4. Our judge was pretty savvy and actually mentioned this during her instructions, but to be clear, you just can’t talk about the case or search for information about it on the internet during the trial. For those (like me) addicted to social media, that means no Tweeting or Facebook or anything. This seems obvious, but a lot of us are so used to casually mentioning things that it would be easy to slip up if you didn’t make a specific effort not to. You are allowed to say you’ve been called for jury duty, but that’s it – you can’t mention what trial you are involved in or any details. I checked in to the Judicial Center on Foursquare but never became the Mayor (Chief Justice?)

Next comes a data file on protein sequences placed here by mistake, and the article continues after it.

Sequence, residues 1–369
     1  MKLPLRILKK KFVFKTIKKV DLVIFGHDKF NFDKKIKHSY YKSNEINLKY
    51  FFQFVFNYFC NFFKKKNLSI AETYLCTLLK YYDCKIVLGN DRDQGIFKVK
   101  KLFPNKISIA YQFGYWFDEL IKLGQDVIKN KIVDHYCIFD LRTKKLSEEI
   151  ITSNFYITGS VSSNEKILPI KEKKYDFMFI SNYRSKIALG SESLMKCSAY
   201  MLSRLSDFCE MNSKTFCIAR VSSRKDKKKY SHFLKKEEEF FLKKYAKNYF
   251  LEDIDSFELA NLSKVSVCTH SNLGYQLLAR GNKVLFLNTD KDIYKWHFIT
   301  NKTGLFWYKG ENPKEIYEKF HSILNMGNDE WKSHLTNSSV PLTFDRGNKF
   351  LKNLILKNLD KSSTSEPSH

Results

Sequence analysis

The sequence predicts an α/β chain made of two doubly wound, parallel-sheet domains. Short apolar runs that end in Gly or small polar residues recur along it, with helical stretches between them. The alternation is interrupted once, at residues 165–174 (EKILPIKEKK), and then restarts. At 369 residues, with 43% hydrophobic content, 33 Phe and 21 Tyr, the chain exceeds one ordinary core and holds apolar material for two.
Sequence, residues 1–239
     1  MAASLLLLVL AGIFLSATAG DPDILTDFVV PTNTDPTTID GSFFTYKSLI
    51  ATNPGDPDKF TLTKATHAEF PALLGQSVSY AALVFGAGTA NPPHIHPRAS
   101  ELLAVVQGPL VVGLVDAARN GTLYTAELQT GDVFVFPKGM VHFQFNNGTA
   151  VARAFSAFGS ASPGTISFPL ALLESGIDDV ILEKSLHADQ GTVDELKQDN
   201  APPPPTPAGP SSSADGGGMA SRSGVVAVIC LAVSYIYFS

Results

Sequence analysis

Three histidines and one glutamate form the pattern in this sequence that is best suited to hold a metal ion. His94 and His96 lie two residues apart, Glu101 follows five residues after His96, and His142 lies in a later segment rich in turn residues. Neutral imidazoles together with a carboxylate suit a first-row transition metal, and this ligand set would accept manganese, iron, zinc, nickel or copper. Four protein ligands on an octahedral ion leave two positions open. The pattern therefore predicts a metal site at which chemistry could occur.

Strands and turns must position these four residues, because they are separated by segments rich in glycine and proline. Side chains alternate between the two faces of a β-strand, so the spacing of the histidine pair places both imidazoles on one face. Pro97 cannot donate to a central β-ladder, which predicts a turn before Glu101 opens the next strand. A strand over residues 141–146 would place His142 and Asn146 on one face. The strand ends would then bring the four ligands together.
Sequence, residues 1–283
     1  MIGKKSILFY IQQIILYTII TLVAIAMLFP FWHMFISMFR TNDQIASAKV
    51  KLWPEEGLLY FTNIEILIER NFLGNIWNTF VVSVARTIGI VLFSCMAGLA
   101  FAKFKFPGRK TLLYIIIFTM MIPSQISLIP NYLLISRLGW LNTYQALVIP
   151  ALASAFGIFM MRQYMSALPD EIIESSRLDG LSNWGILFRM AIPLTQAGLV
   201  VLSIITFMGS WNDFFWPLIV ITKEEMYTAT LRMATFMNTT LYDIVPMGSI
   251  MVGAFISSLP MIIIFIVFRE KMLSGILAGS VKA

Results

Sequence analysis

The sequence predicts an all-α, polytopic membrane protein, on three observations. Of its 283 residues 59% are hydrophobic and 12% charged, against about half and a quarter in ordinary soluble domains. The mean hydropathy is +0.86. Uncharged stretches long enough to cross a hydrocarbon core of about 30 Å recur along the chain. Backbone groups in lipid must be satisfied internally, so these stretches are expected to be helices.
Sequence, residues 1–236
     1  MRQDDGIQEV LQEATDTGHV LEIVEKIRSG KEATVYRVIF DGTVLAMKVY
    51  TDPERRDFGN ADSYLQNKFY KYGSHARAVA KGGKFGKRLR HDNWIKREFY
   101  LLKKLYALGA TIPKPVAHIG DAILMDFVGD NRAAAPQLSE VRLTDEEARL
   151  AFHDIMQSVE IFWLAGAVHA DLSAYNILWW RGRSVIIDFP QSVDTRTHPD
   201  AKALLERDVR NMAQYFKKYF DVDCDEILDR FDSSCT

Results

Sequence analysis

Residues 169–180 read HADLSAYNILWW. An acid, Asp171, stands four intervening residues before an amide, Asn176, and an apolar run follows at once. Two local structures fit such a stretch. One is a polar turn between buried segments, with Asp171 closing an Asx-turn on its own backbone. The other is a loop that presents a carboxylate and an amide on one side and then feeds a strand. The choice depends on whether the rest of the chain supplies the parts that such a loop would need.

5. The court day ends around five PM – it won’t go any later; and it starts whenever the judge says, anywhere from between 9 and 10. There are relatively frequent recesses, so you’ll have a chance to stretch and get water. On the day we deliberated, they brought us lunch, but on the trial day, we got an hour and a half to get lunch on our own. They give you temporary employee badges so you can get in and out of the building without going through the metal detector in the front.